Marvel’s Star Wars comics continue!
Any fan of the Star Wars franchise knows that Marvel regaining the license to produce comics for the series’ new canon has most definitely been a good thing, with the results speaking for themselves. We are just coming off of two story arcs of the Star Wars and Darth Vader comics, with a successful crossover between the two in the form of Vader Down having just concluded.
The main Star Wars series, prior to its second arc, had a standalone story, From the Journals of Old Ben Kenobi, featuring Obi-Wan Kenobi in exile on Tatooine, watching over a young Luke Skywalker being raised by his adoptive Uncle Owen and Aunt Beru, and protecting Tatooine farmers from gangsters in Jabba the Hutt’s employ that were extorting taxes from them. It was a great one-shot, and actually managed to be an amazing standalone story.
Marvel has decided to revisit Ben’s time on Tatooine in the form of Star Wars 15, the second From the Journals of Old Ben Kenobi story. This time around, roughly a year has passed since the actions that Kenobi undertook before, thwarting the scheme of Jabba’s gangsters extorting taxes on the native farmers. Kenobi sees a young Luke Skywalker crash his family’s T-16 Skyhopper Speeder, and is promptly grounded by an irate Owen Lars. Kenobi decides to find ways to try to intervene and try to get the young Skywalker back in the air, knowing his piloting skills may prove to be essential one day down the road. But Lars confronts Kenobi, forbidding him to interfere with young Luke’s life, wanting him to remain safe and protected. Meanwhile, a still frustrated Jabba hires a bounty hunter to try to find the one that beat up on his thugs a year ago.
The first From the Journals of Old Ben Kenobi was a great one-off story, and the fact that it was self-contained made it all the more interesting. Fans will love that this time period in the Star Wars saga is getting an extension of sorts, but may be disappointed by the lack of focus, uneven writing, and a cliffhanger ending that is not likely to be resolved for a very long time.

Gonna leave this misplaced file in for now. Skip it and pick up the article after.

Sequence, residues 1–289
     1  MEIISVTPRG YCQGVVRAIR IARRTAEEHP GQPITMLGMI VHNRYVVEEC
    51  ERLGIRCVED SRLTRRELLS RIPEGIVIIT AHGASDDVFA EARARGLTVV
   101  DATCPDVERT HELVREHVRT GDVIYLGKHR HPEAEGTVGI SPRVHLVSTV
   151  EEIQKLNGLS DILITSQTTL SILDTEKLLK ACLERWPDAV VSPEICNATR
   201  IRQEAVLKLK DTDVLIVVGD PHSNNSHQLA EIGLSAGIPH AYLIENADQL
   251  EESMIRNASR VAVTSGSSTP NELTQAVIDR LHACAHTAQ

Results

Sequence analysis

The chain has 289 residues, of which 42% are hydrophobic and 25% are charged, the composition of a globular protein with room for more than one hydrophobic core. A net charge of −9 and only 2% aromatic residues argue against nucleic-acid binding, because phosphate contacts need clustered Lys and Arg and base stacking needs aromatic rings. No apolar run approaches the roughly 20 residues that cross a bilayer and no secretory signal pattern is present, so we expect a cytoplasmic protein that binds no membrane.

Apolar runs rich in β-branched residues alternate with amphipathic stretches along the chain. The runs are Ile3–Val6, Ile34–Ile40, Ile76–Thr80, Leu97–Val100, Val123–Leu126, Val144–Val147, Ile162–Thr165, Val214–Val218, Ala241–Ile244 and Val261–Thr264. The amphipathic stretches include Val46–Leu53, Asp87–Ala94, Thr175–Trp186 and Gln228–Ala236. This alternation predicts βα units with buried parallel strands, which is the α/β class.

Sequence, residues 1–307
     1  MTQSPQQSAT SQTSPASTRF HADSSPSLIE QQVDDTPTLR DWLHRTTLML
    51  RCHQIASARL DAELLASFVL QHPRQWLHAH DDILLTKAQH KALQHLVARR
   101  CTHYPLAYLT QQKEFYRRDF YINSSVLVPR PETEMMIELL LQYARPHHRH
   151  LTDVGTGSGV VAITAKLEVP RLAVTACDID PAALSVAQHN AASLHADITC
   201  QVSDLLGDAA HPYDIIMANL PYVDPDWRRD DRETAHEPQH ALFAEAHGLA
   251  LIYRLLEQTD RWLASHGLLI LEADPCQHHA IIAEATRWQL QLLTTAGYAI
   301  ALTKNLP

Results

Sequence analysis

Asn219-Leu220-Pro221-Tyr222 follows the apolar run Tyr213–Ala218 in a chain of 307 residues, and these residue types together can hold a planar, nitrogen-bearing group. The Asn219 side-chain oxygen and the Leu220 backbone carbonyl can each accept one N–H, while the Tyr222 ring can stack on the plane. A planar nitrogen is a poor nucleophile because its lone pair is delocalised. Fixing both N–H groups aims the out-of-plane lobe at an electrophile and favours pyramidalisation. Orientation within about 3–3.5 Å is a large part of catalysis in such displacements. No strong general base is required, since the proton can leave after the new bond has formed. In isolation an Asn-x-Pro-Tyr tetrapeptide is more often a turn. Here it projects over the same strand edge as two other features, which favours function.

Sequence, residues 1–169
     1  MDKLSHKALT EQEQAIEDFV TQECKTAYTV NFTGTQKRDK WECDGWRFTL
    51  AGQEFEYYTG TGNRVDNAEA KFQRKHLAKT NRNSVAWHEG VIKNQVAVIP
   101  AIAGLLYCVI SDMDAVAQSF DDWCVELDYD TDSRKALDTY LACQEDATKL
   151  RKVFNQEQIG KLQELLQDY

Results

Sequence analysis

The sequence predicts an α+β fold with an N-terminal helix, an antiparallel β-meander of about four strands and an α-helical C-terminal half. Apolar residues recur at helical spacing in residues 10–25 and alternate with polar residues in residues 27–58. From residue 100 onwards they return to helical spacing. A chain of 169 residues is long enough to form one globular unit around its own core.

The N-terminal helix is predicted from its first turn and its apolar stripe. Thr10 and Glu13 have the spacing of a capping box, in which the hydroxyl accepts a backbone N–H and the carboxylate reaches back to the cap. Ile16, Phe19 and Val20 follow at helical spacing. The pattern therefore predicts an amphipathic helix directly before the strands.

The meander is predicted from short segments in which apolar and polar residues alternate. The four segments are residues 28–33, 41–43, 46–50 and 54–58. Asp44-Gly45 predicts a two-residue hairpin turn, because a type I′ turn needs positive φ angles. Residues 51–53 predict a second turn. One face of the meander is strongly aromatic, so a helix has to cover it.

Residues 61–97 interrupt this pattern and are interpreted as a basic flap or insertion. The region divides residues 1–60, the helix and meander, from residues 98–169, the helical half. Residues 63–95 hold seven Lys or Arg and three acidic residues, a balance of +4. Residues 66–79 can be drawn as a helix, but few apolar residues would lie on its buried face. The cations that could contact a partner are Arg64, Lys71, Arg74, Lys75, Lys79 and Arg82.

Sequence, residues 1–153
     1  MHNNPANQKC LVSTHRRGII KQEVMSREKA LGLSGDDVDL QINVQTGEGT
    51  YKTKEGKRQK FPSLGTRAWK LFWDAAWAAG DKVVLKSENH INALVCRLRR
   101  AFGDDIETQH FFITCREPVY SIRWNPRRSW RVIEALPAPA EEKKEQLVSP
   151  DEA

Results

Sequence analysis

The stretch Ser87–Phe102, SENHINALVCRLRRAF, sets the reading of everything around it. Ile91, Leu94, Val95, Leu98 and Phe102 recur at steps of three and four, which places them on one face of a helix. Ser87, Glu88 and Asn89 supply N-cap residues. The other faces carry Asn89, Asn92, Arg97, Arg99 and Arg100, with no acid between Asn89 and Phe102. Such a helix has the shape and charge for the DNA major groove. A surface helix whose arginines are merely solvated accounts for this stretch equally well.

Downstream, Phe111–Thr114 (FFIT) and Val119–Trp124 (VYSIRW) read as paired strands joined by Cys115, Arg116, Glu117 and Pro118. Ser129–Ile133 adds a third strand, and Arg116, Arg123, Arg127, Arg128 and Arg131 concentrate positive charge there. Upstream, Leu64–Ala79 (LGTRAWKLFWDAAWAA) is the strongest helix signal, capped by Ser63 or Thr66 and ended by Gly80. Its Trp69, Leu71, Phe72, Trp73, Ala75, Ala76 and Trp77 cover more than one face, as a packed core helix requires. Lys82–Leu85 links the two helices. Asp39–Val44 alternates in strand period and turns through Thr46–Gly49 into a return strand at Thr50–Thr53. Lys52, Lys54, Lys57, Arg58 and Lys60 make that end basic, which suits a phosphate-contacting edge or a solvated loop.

As far as the positives go, it is great getting to see Luke Skywalker as a young child on Tatooine, already showing the same piloting prowess that his father once had. Likewise, the conversation between Owen Lars and Kenobi hits hard. A Star Wars fan will find reasons to sympathize with Kenobi’s wanting the boy trained and ready for what is to come down the road, yet Lars wanting to keep the child safe is an equally valid concern. If you have ever wondered about Uncle Owen’s disdain of Kenobi in the original 1977 Star Wars film, their dialogue here definitely helps to put things into perspective. The artwork in the comic is equally impressive; Marvel seems to have a knack for putting their best artists on these Star Wars comics, and it is no exception here.
Unfortunately, this comic is not as good as the first standalone Obi-Wan tale. This is largely a “talking” story that is mostly dialogue driven, with fairly little action. As great as the dialogue between Kenobi and Owen Lars is, it cannot carry a story on its own. The cliffhanger, reintroducing a comic-exclusive character our heroes would later face, only makes one ponder further questions, and leaves the adventure feeling unfinished. This fan would have preferred another self-contained story, not one that leaves me thirsty for more when, in fact, this story will not get revisited until considerably down the road (seriously, do we just need to have an Adventures of Obi-Wan comic series set in this time?)
Overall this is an interesting comic and a nice addition to the Star Wars canon, but it will absolutely leave you wanting more due to the fact that it is not the standalone tale the original was. That said, fans of the franchise will absolutely want to add it to their collections.